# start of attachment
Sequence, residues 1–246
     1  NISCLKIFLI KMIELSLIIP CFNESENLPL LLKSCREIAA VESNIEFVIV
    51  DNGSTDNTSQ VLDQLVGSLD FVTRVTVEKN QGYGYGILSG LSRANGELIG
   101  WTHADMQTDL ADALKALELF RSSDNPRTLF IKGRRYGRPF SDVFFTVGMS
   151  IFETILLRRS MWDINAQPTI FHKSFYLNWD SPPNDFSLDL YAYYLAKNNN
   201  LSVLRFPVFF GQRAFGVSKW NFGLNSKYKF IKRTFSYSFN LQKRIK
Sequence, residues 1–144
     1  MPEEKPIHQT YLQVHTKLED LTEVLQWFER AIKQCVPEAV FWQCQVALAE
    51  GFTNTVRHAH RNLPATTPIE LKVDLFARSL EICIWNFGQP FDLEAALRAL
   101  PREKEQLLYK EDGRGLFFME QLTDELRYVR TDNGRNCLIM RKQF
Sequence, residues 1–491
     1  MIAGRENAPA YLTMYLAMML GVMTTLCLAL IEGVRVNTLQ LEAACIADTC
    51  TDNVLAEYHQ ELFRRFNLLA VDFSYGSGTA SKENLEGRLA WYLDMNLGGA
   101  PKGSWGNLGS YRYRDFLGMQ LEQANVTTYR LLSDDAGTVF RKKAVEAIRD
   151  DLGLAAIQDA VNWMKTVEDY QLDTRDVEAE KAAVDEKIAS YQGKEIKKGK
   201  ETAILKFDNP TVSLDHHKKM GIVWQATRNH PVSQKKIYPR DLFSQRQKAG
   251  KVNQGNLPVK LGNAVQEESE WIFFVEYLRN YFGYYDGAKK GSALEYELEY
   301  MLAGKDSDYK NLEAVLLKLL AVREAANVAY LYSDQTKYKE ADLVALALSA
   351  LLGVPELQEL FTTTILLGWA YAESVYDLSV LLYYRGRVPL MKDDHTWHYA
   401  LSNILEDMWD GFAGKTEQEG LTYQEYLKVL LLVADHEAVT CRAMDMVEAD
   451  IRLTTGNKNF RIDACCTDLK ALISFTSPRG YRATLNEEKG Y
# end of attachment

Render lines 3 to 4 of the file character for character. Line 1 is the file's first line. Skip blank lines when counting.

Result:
    51  DNGSTDNTSQ VLDQLVGSLD FVTRVTVEKN QGYGYGILSG LSRANGELIG
   101  WTHADMQTDL ADALKALELF RSSDNPRTLF IKGRRYGRPF SDVFFTVGMS